Considering ditching your day job to become an entrepreneur? Career coach Eunice Asante of the The Workers Journal explains why you should reconsider.
Often the push toward entrepreneurship stems from a desire to do something more meaningful. It could also be to be paid more for your work and have more autonomy over your time and work. The problem is not that everyone desperately wants to be an entrepreneur with a burning desire to start a business. Instead, most people want to feel inspired by what they do and hate feeling undervalued and underpaid.
But if these feelings are at the root of your reason to quit, leaving your job might not necessarily be the answer. The challenges of entrepreneurship may be different compared to working 9-5, but let me tell you, they are still there.
9-5 vs entrepreneurship
For example, I have never been responsible for so many things simultaneously. Yes, I am my own boss, but I'm also my own assistant, operations manager, marketing executive, sales advisor, and administrator…I think you get my point.
Making entrepreneurship work takes much time and effort and it is not the easier option. It makes more sense to figure out how to make your job work. This is a mindset most people neglect to explore.
If the answer is not leaving the workforce in search of being your own boss, then what is?
Since working as a career coach, I have discovered that many people take a passive approach to their jobs. Employees view work as something that they have little say or control over.
Active v passive
Most people are passive and not active employees and do not take full responsibility for their careers. But what if you changed how you viewed yourself and saw yourself as business-minded while at work, or as entrepreneur working within a current business?
Take an ordinary task like searching for a job. A passive worker does just that, while an active worker searches for a job with a goal. Imagine the goal was career development. An active worker creates search criteria to include development opportunities within each position and only applies for jobs with identifiable growth opportunities.
They only accept jobs with organisations with clear development opportunities and a track record supporting employee progression. They negotiate their contract to include additional training opportunities and after receiving a job offer, they create a detailed two to three-year plan on how they intend to progress through the organisation.
How do they know which jobs allow accelerated progression? This is where they ask good questions and work with a career coach like me, where I can walk them through the process.
Do you have the right mindset?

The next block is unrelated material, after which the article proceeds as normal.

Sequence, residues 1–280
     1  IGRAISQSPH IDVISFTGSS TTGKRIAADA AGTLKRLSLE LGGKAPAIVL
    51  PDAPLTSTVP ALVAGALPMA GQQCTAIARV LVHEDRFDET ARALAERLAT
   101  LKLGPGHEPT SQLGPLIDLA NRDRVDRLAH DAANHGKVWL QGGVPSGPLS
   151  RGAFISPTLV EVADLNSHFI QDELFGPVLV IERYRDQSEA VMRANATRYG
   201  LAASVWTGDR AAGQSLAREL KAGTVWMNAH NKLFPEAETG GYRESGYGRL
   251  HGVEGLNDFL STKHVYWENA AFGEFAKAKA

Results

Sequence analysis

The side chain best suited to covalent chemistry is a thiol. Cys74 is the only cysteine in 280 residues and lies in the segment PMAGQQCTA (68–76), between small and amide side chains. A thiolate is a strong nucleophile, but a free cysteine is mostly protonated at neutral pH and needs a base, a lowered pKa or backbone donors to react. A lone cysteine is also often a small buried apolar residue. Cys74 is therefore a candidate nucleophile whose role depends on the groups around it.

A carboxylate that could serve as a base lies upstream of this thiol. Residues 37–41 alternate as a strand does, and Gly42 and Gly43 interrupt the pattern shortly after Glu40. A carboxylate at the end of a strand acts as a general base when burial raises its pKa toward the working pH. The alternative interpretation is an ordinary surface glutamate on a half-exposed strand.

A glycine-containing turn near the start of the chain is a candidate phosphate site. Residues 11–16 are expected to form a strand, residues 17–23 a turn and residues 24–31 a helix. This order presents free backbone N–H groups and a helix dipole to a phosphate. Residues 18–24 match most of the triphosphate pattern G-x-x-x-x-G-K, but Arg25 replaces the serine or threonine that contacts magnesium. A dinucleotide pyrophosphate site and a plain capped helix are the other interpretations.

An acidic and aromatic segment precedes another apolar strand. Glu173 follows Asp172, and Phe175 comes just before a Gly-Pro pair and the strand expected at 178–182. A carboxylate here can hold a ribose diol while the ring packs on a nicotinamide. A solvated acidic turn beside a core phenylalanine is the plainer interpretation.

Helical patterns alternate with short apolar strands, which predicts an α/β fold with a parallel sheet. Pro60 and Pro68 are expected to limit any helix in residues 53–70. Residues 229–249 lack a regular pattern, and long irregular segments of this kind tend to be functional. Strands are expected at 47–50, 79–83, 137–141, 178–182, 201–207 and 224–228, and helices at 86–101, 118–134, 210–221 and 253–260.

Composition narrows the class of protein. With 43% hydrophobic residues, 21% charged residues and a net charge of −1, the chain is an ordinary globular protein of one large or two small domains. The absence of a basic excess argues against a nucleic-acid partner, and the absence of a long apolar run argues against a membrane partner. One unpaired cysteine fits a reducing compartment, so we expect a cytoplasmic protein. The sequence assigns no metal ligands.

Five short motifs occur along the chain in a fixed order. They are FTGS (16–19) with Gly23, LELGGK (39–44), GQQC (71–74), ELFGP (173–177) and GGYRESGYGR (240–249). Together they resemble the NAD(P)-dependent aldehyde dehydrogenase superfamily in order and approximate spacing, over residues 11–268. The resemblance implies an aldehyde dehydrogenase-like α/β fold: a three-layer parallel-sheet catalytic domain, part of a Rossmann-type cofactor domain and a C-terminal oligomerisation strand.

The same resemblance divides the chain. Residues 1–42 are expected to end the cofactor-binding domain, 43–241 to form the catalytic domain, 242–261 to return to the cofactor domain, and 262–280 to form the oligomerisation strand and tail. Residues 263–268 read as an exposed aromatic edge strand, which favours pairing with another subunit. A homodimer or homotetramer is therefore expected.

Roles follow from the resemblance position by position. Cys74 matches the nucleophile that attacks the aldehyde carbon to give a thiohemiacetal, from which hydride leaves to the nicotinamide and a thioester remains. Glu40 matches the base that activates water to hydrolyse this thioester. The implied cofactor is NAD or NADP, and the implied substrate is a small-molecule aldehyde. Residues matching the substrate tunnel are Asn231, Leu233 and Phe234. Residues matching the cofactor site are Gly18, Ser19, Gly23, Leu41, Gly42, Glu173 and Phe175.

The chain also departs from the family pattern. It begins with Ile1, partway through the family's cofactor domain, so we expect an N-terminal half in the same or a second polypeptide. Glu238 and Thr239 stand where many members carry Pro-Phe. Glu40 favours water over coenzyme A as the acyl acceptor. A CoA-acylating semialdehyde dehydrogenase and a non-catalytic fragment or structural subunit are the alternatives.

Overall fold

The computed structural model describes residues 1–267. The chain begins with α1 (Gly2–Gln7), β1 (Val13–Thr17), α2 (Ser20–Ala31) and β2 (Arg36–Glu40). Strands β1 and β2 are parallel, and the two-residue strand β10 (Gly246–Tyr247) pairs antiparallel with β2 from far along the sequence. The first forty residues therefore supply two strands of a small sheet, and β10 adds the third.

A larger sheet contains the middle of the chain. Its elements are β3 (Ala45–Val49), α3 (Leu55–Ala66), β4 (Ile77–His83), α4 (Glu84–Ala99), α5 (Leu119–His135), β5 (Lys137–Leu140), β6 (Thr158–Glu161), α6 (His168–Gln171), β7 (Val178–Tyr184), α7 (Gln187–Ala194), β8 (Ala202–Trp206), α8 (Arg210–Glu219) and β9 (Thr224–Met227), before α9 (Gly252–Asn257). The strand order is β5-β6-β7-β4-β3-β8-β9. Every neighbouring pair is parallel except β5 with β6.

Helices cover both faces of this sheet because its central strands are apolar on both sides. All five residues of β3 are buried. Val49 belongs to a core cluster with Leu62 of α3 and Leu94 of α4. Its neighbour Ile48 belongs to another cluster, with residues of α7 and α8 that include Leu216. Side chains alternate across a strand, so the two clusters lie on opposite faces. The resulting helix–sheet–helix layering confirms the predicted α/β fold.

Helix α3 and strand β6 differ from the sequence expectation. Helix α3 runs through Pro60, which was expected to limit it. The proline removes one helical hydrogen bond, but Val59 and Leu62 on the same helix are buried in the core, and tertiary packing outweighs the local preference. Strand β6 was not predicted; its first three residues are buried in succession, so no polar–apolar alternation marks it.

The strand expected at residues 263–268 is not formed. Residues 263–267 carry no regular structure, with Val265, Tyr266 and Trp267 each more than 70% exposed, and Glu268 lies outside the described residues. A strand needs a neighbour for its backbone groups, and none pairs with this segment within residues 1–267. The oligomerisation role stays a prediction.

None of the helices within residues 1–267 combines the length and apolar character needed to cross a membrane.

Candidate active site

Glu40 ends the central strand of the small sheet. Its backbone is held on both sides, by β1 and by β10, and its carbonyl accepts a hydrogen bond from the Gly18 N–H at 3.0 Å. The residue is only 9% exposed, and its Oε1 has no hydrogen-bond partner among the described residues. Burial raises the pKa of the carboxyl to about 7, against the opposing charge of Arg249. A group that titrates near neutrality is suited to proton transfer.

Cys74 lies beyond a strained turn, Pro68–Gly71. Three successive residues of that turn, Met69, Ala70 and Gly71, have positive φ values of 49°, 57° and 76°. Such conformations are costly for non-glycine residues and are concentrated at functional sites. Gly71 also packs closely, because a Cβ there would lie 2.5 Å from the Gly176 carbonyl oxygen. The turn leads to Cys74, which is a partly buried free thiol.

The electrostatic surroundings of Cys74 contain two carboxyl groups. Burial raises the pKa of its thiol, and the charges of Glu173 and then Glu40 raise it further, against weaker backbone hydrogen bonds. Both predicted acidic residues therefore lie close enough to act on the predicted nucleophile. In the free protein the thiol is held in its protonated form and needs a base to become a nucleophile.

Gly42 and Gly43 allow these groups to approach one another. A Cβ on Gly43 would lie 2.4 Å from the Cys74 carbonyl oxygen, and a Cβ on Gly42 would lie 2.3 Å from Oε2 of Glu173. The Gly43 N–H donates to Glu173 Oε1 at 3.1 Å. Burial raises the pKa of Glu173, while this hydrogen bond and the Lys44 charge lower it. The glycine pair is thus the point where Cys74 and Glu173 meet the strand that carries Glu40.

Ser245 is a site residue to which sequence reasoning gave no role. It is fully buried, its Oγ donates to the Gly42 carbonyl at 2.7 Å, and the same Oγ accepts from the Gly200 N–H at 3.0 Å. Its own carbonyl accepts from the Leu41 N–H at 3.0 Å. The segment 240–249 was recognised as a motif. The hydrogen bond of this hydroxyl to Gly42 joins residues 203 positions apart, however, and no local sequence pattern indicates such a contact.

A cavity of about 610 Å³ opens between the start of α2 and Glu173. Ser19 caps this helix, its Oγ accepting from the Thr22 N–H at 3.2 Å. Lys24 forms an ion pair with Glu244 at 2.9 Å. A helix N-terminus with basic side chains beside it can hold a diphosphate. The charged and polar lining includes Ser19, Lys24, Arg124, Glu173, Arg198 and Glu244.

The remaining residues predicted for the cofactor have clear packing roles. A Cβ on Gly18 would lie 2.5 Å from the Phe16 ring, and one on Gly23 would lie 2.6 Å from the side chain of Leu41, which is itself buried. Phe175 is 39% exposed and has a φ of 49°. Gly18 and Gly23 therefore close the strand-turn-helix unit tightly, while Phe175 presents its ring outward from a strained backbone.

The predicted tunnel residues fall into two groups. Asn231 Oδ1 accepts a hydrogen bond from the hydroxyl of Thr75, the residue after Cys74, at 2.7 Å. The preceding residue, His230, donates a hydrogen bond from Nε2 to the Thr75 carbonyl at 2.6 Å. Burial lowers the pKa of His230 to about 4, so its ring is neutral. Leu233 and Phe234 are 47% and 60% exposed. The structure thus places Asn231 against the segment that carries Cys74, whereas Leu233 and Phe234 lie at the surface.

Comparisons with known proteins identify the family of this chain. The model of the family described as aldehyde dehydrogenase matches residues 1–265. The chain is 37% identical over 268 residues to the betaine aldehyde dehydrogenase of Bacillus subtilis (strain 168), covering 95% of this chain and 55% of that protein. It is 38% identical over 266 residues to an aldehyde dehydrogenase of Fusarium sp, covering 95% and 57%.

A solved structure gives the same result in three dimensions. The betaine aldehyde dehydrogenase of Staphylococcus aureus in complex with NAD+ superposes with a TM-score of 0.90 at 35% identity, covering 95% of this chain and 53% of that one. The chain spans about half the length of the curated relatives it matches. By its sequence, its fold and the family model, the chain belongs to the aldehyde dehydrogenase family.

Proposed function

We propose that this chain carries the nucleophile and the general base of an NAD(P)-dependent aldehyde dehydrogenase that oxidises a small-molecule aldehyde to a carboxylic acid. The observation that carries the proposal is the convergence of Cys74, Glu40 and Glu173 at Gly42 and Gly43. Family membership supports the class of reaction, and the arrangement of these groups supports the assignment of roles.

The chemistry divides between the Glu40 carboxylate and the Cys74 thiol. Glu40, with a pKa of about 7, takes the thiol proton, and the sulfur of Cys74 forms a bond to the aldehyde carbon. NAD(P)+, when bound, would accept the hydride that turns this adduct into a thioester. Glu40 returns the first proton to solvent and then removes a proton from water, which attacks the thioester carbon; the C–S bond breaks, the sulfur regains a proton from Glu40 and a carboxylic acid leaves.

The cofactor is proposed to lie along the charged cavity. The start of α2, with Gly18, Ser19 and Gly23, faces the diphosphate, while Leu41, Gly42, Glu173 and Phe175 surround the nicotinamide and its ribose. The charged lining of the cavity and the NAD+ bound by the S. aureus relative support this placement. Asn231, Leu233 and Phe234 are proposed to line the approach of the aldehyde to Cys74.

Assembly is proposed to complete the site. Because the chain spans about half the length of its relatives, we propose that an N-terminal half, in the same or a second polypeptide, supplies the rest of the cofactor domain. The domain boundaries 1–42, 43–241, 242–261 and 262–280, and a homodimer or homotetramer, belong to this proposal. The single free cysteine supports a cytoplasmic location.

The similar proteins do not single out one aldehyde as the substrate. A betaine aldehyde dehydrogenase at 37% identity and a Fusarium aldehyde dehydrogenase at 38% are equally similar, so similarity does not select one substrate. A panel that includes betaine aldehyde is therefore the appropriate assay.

What would your career look like if this were you? Often the problem is not always the job but our mindset.
If you are already in a job and considering leaving, consider these examples for information purposes only.
Here are six scenarios to help you think:
For example, what if:
1. You stayed in a role as long as you could be promoted or have your salary increased. If neither are possible, search for new jobs with these goals in mind.
2. You change departments every two to three years. This way, you better understand the organisation and its strengths and weaknesses. But most importantly, you are adding to your skills, network and knowledge.
3. You agree to help your business solve a current problem and, if successful, ask your employer to fund your education. That way, you can be certified to help them in that area moving forward.
4. You negotiate your contract from employee to contractor. As a contractor, you negotiate a higher rate or a percentage of the business you bring in.
5. You ask for more responsibilities at work; volunteer for projects, and ask to oversee new areas of work. That way, you acquire new skills, grow your network and negotiate your salary or contract terms.
6. You shadow those in higher positions and assist them with problem areas within the organisation. In return, you develop a mentor-mentee relationship with them.
I could go on, but the point is, until employees take an active role in their careers, they are often missing opportunities. And if you do not know how to maximise opportunities at work, running your own business does not make this easier.
Still want to be your own boss?
For those of you in full-time employment and working part-time on a personal business, I know how challenging this can be.
If being your own boss is a lifelong dream, then consider how in the meantime, you can use your employment to build your network. You could even to grow your credibility in the field by learning new skills, gaining experience, solving business problems and saving money, to fund your business.
Please resist the temptation to see your job as an annoyance. Instead, use your job to your benefit.
Either way, your 9-5 job can present many growth opportunities with the right mindset. It's not a question of 9-5 vs entrepreneurship, but how well are you using your current position to its maximum potential.
I would love your thoughts on this post, and if you are thinking about entrepreneurship. Also, I've recently resurrected my Instagram, so if you love this content, be sure to follow me on Instagram, where I share even more @iameuniceasante
Until next time